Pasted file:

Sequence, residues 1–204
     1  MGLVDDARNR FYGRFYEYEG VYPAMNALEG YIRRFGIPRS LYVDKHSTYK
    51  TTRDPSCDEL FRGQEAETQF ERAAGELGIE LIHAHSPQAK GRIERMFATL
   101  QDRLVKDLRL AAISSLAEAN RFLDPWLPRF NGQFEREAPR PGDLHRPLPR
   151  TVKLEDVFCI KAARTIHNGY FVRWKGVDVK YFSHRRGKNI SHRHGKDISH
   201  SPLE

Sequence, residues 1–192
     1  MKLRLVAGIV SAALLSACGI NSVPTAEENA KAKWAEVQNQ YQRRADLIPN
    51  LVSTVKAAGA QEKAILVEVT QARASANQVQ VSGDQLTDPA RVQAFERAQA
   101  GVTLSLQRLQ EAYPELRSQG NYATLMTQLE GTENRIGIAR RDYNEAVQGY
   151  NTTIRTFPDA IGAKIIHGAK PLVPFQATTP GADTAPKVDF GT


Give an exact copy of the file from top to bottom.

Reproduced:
Sequence, residues 1–204
     1  MGLVDDARNR FYGRFYEYEG VYPAMNALEG YIRRFGIPRS LYVDKHSTYK
    51  TTRDPSCDEL FRGQEAETQF ERAAGELGIE LIHAHSPQAK GRIERMFATL
   101  QDRLVKDLRL AAISSLAEAN RFLDPWLPRF NGQFEREAPR PGDLHRPLPR
   151  TVKLEDVFCI KAARTIHNGY FVRWKGVDVK YFSHRRGKNI SHRHGKDISH
   201  SPLE

Sequence, residues 1–192
     1  MKLRLVAGIV SAALLSACGI NSVPTAEENA KAKWAEVQNQ YQRRADLIPN
    51  LVSTVKAAGA QEKAILVEVT QARASANQVQ VSGDQLTDPA RVQAFERAQA
   101  GVTLSLQRLQ EAYPELRSQG NYATLMTQLE GTENRIGIAR RDYNEAVQGY
   151  NTTIRTFPDA IGAKIIHGAK PLVPFQATTP GADTAPKVDF GT